In this post, I’m going to give you a framework you can use to quickly plan any presentation that still packs a punch. We all want to save time, right? But at the same time, we want to give an excellent presentation.
You might also like:
- Why you should learn to give your presentation in one sentence
- Use a back pocket question to overcome being blocked
First, reflect on who is your audience, what is your presentation objective and what is your key message – the one thing your audience MUST take away. Then, use a framework which is called ‘what, so what, now what’. This framework is one of my favourites for concise and effective communication, as it focuses on what most matters in the message.
- What is your topic.
- So what is why the topic is important for your audience
- Now what is about next steps in relation to your topic.
But let’s flesh this out a little more to prepare our presentation and to consider the work we’ve done thinking about our audience, presentation objective and key message.
Let’s imagine I’m going to give a presentation about effective presenting.
I begin with ‘what’ and ‘so what’ upfront. I state the topic, give it context, and communicate my key message, which includes why the audience should care and state my objective.
For example: “We’re here to talk about presentations (topic). I know that your company has a strong presentation culture. (context) and so it’s important that you’re able to present effectively if you want to stand out and be noticed (why the audience should care). Presenting effectively means communicating in a clear, concise and impactful way (key message) and today I’m going to give you some tips today on exactly how to do that (objective).”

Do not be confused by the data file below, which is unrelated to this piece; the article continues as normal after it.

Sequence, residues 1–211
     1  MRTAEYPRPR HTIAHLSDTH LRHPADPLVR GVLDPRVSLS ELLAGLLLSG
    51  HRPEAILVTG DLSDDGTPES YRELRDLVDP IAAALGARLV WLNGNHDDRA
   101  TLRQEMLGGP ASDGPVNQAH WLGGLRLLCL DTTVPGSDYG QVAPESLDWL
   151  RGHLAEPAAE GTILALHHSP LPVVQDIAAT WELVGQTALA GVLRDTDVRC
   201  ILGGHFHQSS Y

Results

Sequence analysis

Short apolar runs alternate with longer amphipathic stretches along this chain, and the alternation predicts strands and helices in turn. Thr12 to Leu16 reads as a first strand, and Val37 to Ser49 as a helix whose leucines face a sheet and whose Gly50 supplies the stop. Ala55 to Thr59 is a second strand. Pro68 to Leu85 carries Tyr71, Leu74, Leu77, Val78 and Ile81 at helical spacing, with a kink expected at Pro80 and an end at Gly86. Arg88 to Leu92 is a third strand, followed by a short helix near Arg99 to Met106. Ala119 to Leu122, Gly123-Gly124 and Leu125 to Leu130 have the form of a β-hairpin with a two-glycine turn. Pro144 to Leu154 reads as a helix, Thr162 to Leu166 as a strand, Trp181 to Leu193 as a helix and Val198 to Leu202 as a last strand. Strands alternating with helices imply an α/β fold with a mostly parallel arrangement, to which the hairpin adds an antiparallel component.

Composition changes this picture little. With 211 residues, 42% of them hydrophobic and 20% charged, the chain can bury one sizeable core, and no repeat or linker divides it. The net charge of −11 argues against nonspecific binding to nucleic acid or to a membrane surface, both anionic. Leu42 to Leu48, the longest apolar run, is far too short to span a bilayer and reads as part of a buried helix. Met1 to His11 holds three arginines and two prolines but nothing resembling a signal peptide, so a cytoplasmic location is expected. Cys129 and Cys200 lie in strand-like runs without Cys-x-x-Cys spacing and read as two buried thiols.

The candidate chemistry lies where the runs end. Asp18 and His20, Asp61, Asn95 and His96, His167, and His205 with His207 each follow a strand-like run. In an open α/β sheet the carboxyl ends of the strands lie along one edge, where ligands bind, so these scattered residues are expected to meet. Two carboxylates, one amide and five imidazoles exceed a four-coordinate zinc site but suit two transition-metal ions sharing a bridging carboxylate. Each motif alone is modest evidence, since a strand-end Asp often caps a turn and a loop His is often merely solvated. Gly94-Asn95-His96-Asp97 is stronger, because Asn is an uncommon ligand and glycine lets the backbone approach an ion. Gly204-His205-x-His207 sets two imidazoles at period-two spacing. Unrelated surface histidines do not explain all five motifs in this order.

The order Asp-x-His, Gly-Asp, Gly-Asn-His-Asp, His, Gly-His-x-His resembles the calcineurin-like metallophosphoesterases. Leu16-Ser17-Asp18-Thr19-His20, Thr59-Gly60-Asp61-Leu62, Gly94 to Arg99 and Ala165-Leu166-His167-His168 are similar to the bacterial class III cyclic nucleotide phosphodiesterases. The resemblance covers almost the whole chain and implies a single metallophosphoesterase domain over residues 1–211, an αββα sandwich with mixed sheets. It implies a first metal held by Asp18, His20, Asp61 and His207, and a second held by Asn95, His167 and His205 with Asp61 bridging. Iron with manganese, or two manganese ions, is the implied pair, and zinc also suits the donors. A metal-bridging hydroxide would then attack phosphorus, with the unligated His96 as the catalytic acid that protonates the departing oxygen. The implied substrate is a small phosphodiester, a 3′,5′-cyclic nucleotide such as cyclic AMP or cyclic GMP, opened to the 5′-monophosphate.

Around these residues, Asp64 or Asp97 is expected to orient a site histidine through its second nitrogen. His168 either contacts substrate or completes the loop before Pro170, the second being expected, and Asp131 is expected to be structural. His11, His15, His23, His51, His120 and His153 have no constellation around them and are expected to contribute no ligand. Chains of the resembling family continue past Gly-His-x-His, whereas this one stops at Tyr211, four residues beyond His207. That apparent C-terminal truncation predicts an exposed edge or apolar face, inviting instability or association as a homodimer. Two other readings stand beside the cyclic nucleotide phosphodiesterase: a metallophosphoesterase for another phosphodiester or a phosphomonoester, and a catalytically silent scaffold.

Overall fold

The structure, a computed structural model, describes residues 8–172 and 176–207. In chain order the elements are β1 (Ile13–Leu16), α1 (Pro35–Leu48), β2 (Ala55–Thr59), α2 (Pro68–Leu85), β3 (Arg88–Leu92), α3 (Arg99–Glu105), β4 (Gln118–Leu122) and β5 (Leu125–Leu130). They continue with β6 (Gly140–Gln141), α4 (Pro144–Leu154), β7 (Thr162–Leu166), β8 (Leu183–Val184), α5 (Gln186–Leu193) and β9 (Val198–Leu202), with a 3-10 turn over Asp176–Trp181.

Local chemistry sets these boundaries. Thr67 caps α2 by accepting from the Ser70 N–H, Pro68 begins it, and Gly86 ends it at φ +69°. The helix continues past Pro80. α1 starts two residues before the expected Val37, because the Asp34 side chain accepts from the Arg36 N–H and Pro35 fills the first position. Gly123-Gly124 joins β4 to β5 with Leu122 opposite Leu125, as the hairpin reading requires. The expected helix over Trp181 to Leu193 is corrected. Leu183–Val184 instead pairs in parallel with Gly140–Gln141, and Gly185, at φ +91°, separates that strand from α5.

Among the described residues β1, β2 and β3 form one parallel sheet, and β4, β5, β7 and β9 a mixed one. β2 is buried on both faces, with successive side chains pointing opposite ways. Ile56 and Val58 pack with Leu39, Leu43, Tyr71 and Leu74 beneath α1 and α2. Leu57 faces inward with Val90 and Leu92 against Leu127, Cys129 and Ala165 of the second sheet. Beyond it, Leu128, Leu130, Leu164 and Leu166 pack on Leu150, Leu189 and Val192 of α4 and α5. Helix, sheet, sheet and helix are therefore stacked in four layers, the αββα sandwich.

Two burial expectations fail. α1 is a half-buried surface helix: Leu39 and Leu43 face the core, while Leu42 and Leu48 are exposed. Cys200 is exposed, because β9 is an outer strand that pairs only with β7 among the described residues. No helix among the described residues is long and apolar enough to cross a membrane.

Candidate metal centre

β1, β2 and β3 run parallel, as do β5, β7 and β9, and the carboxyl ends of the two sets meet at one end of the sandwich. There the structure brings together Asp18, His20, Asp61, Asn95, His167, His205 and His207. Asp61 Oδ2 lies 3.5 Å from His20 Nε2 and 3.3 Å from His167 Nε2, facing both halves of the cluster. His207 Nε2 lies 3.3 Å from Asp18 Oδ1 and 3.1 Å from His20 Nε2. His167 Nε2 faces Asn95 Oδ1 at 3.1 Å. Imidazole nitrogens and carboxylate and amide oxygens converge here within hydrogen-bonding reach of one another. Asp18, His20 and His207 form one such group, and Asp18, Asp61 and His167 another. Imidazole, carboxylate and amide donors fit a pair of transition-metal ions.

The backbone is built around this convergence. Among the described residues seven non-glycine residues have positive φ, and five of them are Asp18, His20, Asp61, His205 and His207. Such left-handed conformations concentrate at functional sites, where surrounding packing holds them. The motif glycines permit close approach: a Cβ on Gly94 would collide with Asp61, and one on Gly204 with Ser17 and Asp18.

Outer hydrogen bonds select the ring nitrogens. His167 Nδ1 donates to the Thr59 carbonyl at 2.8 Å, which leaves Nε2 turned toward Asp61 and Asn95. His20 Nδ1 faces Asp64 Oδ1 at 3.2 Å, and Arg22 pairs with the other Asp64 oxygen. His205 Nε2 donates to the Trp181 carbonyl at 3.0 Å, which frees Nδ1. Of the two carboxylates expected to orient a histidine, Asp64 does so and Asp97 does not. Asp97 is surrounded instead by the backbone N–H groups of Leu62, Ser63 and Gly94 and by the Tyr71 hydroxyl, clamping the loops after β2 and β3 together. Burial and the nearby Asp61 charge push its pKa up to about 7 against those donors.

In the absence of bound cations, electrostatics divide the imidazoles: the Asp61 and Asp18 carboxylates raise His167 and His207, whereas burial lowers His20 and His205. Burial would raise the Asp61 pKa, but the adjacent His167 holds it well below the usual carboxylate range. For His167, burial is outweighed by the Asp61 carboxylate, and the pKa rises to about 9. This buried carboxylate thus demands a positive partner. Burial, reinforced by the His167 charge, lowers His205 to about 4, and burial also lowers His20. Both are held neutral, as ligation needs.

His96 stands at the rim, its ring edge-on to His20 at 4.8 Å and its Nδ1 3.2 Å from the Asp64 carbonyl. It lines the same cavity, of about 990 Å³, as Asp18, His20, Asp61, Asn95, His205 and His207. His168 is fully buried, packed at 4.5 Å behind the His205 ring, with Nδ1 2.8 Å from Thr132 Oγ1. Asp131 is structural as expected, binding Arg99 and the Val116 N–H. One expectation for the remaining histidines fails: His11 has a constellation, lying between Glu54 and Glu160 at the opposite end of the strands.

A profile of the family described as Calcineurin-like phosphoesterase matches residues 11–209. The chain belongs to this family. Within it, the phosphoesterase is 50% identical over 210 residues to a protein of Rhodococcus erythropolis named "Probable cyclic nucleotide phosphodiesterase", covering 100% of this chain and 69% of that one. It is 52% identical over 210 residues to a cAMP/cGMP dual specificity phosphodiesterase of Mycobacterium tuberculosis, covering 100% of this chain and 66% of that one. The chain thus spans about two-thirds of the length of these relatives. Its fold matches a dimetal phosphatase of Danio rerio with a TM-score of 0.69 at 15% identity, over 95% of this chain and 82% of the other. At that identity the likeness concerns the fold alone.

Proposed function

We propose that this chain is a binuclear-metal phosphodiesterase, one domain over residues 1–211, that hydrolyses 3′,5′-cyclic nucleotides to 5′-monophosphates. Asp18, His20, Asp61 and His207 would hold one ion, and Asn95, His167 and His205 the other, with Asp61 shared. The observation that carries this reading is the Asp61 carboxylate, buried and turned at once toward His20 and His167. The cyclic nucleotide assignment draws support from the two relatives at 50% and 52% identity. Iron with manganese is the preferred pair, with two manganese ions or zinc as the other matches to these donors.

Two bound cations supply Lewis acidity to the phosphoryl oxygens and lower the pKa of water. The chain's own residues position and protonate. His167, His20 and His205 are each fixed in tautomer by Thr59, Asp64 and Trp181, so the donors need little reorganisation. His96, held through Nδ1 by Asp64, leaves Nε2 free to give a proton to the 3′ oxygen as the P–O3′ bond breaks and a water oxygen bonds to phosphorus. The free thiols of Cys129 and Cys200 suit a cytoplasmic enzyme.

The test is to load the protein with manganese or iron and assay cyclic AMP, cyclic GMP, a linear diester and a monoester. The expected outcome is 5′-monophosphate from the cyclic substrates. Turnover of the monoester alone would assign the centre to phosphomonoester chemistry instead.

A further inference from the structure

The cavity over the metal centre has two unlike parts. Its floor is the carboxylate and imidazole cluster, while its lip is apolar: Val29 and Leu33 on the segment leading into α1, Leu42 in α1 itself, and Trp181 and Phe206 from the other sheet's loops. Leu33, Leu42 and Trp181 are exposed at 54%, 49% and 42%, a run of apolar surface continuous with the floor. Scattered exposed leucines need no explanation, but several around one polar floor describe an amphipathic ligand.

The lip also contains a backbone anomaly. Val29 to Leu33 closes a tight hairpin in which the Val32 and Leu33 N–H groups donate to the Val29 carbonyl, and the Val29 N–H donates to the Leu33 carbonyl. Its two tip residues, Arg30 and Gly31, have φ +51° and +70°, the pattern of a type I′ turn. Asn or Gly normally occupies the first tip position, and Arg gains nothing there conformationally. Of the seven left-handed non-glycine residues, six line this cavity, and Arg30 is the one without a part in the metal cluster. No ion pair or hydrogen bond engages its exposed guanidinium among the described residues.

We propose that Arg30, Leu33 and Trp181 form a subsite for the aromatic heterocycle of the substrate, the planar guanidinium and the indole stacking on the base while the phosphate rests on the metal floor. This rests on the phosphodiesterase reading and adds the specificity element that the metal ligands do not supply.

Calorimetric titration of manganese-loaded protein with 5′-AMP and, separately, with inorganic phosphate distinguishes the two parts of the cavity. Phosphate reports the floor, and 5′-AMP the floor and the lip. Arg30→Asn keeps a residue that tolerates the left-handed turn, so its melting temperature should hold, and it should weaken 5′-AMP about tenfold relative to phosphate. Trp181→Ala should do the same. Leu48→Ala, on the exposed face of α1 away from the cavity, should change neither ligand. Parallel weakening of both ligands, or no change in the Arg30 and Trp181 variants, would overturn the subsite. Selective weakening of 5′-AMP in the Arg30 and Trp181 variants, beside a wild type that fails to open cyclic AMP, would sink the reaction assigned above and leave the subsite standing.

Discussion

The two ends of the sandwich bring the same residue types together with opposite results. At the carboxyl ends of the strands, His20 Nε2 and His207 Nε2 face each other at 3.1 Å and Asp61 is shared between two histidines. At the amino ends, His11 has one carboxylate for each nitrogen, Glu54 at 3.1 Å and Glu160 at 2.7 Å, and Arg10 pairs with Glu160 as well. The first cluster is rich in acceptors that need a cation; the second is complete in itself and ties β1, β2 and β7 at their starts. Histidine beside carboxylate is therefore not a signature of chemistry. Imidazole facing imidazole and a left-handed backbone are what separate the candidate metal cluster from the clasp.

I then go back to the ‘what’. I’ll choose 3 areas to focus on and give details. Before I give the details, I state the 3 areas with a signposting phrase such as “I’m going to talk about 3 areas – planning your presentation, creating impactful slides and tips for great delivery, both verbal and non-verbal.”
Once I’ve given the details, it’s time for the last part, the ‘now what’. Here I will highlight the next steps. I could choose three actions out of the several I’ve talked about in detail that I want my audience to take the next time they give a presentation.
So, I might say something like “As a take-away from this presentation I want you to make sure that from now on, you take 3 actions – you start your presentation with a hook, you prepare slides with less text, and you make sure you project your voice when you speak.”
The great thing about the ‘what, so what, now what’ framework is you can cut it right down to the bare minimum information, or you can extend it, adding more detail. But at the end of the day, this framework crystallizes the three most often important components of a message, which can really help when you have little time to prepare.